The core component of the CCAR strategy is a transformative workshop that engages participants in an honest and constructive dialogue. Participants are invited, through experiential narrative, values-based exercises, critical analysis and ‘guided’ self-reflection, to:

The Courageous Conversations initiative has received high levels of positive feedback from participants and is now a regular feature on the annual UWA staff development calendar. The material is also embedded within the curriculum and staff experience across all faculties. Since its inception, more than 3,000 staff and 5,000 students have participated in the CCAR workshops and is now being emulated in fourteen other universities in Australia and New Zealand. 


University of Western Sydney

The University of Western Sydney(UWS) has developed The Challenging Racism Project in conjunction with academics at other universities. As part of this project, UWS is looking into why bystander action is important and what bystanders can do when they witness racism. Since signing up the campaign, UWS launched a Bystander Anti-Racism Projectin 2014 alongside their support of the campaign. As part of this project UWS has developed the following:

More information on UWS’ Challenging Racism project, visit their website.

  • gain knowledge around how race, power and privilege interact and play out in contemporary Australian institutions, reflecting the broader society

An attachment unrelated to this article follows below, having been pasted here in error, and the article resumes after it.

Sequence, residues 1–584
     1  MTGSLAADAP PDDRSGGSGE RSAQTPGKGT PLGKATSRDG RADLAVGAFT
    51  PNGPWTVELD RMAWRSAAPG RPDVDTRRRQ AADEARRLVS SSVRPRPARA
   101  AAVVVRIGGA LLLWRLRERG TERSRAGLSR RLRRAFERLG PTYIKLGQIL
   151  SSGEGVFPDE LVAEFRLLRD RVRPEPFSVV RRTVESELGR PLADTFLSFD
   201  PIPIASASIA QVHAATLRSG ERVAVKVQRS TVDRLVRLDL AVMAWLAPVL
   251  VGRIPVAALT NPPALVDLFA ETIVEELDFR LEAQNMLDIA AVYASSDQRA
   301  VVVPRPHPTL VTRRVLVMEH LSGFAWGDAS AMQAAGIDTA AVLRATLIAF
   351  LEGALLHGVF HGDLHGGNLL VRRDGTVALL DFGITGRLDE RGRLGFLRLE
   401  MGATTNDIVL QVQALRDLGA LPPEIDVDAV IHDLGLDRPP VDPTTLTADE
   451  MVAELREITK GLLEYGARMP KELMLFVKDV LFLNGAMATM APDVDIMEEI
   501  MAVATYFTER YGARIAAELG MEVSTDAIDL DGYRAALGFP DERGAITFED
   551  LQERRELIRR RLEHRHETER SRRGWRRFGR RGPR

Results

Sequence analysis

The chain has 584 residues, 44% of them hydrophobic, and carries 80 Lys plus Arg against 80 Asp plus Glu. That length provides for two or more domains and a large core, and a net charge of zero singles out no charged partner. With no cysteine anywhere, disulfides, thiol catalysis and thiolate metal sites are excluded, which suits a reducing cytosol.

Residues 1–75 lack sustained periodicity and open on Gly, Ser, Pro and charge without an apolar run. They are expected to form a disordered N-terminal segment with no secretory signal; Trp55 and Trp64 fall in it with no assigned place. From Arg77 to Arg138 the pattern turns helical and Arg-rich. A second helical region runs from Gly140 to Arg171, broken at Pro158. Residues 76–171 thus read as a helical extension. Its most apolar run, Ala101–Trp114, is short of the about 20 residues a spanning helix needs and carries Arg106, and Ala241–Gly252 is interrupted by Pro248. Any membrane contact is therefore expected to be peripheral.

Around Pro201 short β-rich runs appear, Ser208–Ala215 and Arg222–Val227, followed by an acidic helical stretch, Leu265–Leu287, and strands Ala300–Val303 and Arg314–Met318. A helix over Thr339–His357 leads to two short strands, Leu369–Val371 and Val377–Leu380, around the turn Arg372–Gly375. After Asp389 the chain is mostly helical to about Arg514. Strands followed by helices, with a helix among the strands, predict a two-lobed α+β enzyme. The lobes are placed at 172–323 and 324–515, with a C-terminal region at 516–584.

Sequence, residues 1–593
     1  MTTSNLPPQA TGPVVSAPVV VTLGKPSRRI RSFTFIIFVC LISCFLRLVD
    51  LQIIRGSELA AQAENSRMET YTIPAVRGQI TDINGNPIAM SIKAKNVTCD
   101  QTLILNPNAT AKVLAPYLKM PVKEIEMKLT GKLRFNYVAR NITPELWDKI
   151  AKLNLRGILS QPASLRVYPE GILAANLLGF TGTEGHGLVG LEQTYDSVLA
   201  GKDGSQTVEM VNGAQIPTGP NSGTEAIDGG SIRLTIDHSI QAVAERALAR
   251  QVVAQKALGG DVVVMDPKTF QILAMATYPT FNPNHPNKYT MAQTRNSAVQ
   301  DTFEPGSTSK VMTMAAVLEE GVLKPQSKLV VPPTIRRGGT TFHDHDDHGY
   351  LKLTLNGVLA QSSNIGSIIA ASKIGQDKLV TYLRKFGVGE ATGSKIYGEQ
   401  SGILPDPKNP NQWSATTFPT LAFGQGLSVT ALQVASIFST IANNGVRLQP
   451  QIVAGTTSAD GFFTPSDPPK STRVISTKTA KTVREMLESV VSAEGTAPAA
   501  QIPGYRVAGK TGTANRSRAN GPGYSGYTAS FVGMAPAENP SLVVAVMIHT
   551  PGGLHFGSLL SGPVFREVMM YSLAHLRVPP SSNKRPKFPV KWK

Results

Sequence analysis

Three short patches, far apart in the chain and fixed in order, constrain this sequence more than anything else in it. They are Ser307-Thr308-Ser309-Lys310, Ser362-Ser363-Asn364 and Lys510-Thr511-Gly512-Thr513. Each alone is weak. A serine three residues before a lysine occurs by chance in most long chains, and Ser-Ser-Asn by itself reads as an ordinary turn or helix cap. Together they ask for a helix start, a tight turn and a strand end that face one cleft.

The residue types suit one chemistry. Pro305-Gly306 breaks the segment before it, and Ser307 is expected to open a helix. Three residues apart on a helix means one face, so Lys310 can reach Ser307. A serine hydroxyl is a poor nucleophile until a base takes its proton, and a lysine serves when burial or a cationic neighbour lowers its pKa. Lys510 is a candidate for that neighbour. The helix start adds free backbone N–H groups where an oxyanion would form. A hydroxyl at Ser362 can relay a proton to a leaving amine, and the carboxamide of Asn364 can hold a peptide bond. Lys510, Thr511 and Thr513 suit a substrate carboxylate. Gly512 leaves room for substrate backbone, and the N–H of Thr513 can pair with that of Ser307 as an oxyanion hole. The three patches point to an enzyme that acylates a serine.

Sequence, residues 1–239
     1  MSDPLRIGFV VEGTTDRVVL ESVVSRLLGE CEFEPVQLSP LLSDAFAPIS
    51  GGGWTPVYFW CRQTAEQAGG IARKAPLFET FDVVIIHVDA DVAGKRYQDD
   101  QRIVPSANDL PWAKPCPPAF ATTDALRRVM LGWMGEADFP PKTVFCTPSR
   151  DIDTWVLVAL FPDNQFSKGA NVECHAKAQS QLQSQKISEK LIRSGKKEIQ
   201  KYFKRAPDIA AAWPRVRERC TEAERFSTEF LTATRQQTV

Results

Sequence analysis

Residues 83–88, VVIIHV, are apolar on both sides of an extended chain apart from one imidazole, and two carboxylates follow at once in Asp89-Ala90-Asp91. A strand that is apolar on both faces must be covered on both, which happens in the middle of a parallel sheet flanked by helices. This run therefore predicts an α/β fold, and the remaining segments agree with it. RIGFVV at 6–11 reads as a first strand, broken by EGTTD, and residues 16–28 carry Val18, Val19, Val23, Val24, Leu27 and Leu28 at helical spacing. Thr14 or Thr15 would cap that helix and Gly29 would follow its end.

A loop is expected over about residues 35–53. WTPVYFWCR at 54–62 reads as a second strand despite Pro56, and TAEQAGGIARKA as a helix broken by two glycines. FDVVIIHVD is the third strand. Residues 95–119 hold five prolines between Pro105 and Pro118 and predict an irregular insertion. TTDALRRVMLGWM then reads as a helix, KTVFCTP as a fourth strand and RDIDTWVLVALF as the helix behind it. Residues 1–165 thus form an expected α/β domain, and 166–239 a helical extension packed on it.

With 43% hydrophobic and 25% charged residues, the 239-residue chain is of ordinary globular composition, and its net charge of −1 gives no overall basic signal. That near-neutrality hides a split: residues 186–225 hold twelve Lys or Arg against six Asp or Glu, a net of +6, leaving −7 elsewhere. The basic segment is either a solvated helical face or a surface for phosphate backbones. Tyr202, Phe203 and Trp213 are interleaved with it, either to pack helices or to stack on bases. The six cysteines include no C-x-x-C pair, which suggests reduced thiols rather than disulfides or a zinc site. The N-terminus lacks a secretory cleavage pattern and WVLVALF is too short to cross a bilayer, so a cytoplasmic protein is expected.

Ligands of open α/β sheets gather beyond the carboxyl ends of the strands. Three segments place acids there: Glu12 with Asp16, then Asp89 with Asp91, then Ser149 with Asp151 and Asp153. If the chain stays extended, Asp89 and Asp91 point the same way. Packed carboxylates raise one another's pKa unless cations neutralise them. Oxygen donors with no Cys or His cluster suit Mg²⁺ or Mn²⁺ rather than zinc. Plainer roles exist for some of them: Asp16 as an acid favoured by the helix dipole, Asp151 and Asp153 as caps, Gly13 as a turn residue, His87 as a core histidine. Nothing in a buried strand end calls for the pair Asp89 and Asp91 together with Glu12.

• unpack their own unique racial story, linking it to the local, national and global context
  • explore how the combination of ‘whiteness’ and ‘privilege’ contributes directly to race-based inequity and power differentials, and
  • utilise the above insights to drive social and cultural transformation. This final component, when conducted in faculties, is contextualised and discipline-specific e.g. assisting staff in the Faculty of Education to implement a culturally competent curriculum to close the racial achievement gap in schools.
    • A series of anti-racism training workshops to be delivered across the university
    • Communications campaign promoting UWS’ anti-racism policy
    • Cross-cultural community dinners to promote communication between the university and wider community.

Adam Liaw

Adam Liaw
Television Chef & Presenter